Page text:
Publisher Description

Book discuss the history of Church. Any quarrel for judgment beyond the country in which it began; and, however glad the churches of Africa and of the East were to have the bishop of Rome for a friend, they would never allow him to take the airs of a master on him. And from the time when Constantinople was built in the place of Byzantium, a new great church arose. Byzantium had been only a common bishopric, and for a time Constantinople was not called anything more than a common bishopric; but in real importance it was very much more, so that even a bishop of Antioch, the third see in the whole Christian world, thought himself advanced when he was made bishop of Constantinople instead. But the second General Council (which as we have seen was held at Constantinople in the year 381), made a canon by which Constantinople was placed next to Rome, " because, " as the canon said, "it is a new Rome. " This raised the jealousy, not only of Antioch, and still more of Alexandria, at having an upstart bishopric (as they considered it) put over their heads; but it gave great offence to the bishops of Rome, who could not bear such a rivalry as was now threatened, and were besides very angry on account of the reason which was given for placing Constantinople next after Rome. For the council, when it Page 73. said that Constantinople was to be second among all churches, because of its being " a new Rome, " meant to say that the reason why Rome itself stood first was nothing more than its being the old capital of the empire, whereas the bishops of Rome wished it to be thought that their power was founded on their being the successors of St. Peter. We shall by-and-by see something of the effects of these jealousies.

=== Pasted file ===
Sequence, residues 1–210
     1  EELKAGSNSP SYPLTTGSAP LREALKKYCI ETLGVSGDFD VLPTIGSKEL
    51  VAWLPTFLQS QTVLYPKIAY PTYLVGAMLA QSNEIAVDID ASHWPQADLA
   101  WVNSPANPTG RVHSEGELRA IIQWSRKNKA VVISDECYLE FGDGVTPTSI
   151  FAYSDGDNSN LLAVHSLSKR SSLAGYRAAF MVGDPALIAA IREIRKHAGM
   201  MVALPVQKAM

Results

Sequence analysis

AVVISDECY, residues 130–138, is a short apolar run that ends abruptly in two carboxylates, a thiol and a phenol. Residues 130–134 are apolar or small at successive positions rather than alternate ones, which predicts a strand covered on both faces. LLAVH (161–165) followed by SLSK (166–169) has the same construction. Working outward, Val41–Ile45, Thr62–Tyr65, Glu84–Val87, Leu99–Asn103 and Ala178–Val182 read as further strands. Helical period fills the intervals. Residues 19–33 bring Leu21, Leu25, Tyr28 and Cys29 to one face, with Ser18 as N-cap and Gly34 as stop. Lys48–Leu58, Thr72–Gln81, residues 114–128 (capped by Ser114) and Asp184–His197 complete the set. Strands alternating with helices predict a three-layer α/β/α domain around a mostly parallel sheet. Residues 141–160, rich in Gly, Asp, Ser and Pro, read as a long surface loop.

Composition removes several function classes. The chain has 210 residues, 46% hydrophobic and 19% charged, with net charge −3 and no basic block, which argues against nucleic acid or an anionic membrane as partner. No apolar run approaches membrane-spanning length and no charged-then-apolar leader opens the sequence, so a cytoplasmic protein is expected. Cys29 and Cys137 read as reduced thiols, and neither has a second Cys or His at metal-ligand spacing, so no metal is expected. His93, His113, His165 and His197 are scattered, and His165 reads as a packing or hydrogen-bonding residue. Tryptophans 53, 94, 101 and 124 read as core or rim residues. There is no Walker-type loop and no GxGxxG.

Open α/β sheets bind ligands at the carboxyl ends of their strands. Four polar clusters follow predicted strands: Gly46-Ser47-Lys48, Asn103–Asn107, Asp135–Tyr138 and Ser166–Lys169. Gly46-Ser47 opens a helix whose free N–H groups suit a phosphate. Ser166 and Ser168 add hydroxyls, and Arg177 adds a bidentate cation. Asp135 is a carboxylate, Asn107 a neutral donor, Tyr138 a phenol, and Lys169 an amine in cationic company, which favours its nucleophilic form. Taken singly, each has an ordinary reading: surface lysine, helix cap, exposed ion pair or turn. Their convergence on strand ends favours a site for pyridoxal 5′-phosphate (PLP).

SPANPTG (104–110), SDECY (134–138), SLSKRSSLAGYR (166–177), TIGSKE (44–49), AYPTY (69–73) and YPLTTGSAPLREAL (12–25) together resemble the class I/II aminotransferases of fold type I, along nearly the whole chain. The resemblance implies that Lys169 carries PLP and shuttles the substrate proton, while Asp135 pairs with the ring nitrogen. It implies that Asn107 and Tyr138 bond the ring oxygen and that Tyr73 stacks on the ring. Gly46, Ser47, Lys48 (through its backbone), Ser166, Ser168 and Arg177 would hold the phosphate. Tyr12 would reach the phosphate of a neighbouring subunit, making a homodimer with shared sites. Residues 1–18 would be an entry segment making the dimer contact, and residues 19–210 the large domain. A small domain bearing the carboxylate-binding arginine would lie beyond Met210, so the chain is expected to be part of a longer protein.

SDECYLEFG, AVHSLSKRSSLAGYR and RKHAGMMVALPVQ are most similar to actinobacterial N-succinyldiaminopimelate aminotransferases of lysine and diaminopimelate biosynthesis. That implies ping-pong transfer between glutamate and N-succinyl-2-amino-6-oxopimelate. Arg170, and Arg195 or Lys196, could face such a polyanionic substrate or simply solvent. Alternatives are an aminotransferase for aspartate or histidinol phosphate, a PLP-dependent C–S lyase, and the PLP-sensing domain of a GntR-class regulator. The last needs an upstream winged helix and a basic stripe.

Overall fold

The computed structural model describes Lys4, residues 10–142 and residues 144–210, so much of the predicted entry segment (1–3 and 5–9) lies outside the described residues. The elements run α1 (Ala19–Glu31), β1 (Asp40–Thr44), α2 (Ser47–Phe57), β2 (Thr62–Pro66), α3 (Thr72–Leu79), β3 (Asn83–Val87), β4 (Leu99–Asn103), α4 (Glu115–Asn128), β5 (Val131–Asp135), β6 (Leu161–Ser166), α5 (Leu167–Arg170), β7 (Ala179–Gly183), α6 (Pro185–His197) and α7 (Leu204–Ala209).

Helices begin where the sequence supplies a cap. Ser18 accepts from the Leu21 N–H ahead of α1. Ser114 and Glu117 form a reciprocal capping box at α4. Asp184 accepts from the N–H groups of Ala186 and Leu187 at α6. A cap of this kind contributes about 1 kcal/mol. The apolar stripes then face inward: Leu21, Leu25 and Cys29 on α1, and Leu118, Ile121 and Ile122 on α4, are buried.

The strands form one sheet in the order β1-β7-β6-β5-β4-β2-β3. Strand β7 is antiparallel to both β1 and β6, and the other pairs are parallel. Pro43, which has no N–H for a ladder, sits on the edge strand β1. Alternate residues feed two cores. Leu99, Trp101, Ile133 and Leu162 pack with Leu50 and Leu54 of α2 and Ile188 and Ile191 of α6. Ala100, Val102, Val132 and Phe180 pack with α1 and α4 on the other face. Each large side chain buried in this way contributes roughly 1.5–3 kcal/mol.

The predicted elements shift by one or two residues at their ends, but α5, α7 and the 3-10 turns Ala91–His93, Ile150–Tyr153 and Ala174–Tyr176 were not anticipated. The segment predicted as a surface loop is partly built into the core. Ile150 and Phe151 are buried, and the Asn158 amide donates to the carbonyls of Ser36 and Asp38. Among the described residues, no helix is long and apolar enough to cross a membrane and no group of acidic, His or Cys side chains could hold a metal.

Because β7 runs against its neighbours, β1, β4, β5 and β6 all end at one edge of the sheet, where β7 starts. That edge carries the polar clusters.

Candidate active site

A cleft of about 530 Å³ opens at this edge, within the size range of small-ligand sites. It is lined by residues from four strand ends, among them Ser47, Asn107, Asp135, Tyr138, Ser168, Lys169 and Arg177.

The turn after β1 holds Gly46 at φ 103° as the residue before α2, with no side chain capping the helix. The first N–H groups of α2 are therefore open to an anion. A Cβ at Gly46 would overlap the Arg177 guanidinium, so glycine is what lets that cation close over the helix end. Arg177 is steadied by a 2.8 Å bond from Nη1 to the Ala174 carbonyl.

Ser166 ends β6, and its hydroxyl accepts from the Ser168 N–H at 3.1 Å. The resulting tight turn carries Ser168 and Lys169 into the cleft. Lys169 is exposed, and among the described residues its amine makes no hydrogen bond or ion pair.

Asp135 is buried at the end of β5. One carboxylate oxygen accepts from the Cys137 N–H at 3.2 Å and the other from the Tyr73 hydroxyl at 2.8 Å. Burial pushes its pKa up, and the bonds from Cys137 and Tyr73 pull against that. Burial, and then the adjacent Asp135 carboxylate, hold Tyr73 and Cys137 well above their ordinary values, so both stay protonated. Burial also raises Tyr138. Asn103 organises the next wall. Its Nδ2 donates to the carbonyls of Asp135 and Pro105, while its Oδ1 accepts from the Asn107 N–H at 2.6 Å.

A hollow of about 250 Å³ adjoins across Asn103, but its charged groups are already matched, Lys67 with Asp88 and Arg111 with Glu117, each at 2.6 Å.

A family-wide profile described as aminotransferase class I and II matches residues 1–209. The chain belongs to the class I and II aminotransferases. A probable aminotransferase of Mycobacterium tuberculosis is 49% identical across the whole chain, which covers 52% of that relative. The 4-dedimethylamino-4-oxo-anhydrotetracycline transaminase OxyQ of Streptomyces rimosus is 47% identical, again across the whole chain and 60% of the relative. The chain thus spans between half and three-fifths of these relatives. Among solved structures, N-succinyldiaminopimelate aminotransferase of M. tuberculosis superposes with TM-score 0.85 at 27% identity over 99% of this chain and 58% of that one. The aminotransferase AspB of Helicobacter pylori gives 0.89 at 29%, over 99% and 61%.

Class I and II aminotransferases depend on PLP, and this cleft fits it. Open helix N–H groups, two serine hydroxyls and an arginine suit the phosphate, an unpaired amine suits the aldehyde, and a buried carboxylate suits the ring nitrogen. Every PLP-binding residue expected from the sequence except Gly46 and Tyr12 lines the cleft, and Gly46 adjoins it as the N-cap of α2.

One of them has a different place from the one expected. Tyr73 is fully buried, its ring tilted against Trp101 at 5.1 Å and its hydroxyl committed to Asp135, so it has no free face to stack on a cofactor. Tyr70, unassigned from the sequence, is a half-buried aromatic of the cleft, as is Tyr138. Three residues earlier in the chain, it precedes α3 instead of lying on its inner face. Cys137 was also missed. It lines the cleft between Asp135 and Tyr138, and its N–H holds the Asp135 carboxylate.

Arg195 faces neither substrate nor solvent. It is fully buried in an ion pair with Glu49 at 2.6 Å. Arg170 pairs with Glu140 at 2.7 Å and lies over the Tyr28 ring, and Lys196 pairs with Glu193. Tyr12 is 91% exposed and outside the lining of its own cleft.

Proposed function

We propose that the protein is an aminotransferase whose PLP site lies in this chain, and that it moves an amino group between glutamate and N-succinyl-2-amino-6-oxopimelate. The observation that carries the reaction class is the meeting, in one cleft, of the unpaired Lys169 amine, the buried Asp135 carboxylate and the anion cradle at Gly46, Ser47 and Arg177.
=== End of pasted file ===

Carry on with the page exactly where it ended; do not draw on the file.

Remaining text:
Religion & Spirituality
January 1
Public Domain